GET IN TOUCH
 
 
 
 
 

NDC can’t be blamed for NHIS debt – Alex Segbefia

Alex Segbefia, Minister of Health
Alex Segbefia,

The immediate past Minister of Health, Alex Segbefia, has said his administration will not accept responsibility for the current woes of the National Health Insurance  Authority (NHIA).

According to him, the current administration has failed to follow plans and policies it had in place to deal with the issue of the sector especially with the National Health Insurance Scheme (NHIS) arrears.

His response follows comments made by the Minister of Health, Kwaku Agyeman Manu, who told Parliament that the scheme owes service providers and suppliers over GHc100 million Ghana cedis.

But Mr. Segbefia told Citi News that there must be a meticulous government effort to acquire funds to deal with the issue.

“…We were aware of the debt that was going to come, we were aware of the payments and we had a formula and system to deal with. But unfortunately there was a change of government and they [NPP] made all manner of promises that they had clear plan to deal with it. The question now is that, what is the plan for the current government?”

The former Health Minister explained that, during their time in office, the NDC government made ten percent of total NHIA allocation to the Health Ministry for the clearing of debts of essential vaccines and other commitments.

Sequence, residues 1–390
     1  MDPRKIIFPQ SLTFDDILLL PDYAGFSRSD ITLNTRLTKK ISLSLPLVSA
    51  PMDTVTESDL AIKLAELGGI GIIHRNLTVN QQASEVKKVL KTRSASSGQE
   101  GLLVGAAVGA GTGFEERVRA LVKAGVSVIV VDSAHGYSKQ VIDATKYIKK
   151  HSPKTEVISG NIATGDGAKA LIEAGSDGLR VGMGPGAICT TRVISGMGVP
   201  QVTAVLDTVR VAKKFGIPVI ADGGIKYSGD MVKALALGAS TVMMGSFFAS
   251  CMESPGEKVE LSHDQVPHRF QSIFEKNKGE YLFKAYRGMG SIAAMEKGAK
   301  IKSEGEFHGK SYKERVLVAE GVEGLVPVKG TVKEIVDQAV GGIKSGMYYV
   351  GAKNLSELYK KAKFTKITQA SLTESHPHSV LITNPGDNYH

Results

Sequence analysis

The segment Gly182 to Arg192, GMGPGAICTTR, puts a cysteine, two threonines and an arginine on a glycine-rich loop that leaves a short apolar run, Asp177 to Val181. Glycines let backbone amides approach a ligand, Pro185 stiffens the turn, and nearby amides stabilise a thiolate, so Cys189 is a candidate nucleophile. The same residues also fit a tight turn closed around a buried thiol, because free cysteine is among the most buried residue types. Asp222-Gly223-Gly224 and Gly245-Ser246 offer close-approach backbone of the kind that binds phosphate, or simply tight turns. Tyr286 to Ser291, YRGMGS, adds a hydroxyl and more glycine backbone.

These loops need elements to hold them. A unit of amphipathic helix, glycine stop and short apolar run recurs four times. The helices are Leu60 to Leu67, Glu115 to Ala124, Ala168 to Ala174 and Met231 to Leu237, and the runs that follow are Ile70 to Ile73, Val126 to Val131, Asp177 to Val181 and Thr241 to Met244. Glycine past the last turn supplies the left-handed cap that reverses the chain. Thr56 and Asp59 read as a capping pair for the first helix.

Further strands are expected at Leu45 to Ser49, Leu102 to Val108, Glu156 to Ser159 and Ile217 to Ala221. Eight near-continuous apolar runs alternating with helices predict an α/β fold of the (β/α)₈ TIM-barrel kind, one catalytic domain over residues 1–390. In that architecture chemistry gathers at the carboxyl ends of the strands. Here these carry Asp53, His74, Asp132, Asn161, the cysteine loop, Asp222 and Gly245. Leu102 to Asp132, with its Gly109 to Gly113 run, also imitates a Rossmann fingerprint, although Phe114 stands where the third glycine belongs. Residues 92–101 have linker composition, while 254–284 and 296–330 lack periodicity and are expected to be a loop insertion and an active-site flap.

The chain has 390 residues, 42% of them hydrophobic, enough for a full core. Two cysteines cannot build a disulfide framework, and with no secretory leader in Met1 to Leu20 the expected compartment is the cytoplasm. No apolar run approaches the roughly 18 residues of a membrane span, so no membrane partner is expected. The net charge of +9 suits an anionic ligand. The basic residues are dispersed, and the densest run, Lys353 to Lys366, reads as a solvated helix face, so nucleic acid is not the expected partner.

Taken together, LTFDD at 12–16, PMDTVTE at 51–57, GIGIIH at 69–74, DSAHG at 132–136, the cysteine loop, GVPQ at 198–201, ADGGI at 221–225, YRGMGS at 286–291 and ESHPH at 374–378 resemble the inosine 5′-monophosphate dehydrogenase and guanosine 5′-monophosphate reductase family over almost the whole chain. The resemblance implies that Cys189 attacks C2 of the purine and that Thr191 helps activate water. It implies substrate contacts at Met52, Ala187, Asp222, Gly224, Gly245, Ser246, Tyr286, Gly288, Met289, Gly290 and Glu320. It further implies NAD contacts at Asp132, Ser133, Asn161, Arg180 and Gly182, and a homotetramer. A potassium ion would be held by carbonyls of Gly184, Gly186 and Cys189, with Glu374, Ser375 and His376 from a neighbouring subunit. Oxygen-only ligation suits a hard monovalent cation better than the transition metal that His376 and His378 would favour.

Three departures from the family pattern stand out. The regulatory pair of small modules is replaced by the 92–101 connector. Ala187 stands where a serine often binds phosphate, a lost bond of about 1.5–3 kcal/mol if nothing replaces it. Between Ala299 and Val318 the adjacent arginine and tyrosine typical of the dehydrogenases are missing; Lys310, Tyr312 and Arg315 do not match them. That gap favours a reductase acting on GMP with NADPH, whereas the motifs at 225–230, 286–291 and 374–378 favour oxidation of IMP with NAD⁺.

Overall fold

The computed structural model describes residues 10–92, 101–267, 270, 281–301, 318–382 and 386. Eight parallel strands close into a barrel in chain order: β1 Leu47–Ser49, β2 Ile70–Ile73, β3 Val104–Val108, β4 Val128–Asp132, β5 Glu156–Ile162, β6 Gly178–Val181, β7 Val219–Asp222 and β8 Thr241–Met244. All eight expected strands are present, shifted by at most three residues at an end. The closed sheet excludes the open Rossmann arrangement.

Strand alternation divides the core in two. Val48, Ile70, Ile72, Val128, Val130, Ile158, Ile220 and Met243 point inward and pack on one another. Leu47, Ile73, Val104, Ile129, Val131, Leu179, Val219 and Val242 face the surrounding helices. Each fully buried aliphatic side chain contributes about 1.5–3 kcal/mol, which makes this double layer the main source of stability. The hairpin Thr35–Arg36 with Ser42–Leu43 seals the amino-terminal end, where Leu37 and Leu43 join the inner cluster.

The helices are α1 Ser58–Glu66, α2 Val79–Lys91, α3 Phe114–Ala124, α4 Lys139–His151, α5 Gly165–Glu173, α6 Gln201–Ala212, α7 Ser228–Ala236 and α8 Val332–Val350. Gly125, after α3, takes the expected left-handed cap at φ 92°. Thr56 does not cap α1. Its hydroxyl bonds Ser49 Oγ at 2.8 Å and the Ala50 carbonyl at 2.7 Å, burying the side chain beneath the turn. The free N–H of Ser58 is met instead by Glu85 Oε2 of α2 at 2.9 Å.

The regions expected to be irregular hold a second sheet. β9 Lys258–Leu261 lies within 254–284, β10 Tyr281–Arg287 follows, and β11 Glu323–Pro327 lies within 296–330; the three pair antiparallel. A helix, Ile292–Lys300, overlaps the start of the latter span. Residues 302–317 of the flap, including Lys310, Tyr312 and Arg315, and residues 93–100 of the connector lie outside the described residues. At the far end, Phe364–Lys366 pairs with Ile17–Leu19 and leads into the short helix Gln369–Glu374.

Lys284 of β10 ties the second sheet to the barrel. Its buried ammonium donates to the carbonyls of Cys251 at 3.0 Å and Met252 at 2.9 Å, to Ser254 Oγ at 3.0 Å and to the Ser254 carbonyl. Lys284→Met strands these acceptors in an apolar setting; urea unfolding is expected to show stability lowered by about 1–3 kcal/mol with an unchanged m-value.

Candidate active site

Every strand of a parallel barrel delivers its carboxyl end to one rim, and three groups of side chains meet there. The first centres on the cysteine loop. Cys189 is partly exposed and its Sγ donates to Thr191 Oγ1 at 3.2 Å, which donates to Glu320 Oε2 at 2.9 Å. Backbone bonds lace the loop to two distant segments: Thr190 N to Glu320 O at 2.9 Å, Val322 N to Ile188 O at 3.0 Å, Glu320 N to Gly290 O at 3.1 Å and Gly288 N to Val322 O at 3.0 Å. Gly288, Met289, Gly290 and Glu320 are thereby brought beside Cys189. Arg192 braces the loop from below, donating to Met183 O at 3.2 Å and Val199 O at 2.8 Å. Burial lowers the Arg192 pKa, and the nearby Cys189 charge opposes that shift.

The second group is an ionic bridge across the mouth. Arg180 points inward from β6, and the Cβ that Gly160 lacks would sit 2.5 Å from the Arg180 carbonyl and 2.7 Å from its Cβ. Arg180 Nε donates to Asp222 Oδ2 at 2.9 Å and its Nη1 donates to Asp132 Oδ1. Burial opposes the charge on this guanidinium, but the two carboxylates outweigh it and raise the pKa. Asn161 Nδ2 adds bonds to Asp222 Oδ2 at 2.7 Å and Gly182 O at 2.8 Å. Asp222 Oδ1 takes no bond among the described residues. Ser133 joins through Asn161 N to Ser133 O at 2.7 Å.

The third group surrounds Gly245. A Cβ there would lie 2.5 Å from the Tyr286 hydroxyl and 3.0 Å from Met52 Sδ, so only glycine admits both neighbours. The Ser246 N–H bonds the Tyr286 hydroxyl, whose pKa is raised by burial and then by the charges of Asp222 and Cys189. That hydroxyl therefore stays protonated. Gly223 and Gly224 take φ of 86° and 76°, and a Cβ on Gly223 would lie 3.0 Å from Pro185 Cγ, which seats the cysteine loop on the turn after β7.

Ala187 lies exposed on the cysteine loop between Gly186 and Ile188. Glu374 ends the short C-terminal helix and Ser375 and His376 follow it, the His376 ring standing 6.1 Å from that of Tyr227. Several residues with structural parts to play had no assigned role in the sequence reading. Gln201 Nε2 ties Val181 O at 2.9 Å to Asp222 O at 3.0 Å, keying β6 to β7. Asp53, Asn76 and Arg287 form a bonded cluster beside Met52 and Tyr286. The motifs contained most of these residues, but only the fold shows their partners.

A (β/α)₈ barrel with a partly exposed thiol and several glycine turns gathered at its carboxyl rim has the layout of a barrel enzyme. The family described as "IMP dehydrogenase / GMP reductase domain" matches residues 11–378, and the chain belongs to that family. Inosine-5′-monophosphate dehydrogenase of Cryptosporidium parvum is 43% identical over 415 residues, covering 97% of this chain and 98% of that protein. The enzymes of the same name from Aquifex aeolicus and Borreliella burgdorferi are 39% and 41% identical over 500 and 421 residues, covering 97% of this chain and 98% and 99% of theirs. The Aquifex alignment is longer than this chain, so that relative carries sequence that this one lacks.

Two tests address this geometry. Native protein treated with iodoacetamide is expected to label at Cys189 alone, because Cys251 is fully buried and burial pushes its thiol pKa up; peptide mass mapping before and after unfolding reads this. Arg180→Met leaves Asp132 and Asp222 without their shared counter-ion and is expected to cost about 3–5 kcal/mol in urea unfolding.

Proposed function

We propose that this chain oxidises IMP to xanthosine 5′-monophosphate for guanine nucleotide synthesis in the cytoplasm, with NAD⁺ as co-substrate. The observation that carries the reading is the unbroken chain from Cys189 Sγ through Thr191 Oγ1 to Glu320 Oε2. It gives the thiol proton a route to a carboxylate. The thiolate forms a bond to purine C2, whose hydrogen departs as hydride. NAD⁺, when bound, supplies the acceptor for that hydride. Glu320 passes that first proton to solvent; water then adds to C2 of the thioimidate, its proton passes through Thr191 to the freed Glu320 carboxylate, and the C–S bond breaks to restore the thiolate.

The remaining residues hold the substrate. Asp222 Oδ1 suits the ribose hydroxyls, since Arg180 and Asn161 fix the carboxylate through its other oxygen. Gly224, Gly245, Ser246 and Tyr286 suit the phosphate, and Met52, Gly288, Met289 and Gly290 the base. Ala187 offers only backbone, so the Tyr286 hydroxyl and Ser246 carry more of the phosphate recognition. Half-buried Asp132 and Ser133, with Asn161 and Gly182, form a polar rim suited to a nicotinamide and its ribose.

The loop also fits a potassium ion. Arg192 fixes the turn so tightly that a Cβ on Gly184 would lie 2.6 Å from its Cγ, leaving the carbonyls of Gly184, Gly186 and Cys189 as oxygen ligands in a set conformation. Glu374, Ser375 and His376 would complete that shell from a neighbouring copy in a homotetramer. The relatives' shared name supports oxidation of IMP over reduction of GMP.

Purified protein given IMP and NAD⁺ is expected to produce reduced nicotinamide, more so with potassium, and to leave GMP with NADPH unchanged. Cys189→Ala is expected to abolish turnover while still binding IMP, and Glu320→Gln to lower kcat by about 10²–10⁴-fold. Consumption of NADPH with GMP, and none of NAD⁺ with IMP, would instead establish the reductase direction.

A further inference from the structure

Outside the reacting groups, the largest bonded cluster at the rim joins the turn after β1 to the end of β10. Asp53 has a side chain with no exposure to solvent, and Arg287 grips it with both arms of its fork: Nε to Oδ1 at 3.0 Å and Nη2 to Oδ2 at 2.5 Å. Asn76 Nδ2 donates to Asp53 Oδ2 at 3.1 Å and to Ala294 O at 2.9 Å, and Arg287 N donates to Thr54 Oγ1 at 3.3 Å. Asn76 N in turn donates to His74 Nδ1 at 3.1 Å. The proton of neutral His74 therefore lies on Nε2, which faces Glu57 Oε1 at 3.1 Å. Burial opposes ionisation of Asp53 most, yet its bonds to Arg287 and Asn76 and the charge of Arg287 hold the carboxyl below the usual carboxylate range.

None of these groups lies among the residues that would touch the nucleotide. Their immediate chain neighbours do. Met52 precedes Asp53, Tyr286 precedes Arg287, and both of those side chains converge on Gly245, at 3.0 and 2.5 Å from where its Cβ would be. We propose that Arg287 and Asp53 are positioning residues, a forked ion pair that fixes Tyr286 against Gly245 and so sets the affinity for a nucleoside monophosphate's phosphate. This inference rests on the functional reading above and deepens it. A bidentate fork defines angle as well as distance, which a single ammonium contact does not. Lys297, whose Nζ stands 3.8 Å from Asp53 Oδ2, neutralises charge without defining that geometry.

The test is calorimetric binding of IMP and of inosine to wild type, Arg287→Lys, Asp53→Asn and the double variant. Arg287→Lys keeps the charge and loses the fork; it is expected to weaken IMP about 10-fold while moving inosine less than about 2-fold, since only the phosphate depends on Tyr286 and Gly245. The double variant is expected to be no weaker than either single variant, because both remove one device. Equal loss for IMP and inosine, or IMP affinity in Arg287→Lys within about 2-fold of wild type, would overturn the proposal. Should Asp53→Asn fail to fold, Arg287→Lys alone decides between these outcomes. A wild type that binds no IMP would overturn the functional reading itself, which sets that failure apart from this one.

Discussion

He added that the NDC government also decided to make some allocations from the petroleum levy to support the NHIA to bridge it funding gap, but could not implement it because they were kicked out of power.

“The way we got around this was that when the NHIA pay, ten percent of the amount paid to the NHIA is made available to the ministry to deal with issues such as this. And so we had put in place a system whereby funding for payment of essential vaccines were to come from allocations which was given to NHIA.”

He said they realized that “if we got all the money, because of the increased uses of the NHIA, all the monies that were coming from the formula we would still have a funding gap or shortage within the NHIA.”

“It is for this reason that the NDC administration decided and you heard it in our manifesto that we were going to take money from the petroleum levy to add to the existing NHIA bill which would have also increased the ten percent that was supposed to given, and would deal with this payment that we have made for the essential drugs and also give the NHIA the extra funding that it requires,” he added.

He thus called on the current Minister to implement the proposal or better still implement recommendations from a report commissioned by the Mahama government into the NHIA on how to increase its revenue.

By: Godwin Akweiteh Allotey/citifmonline.com/Ghana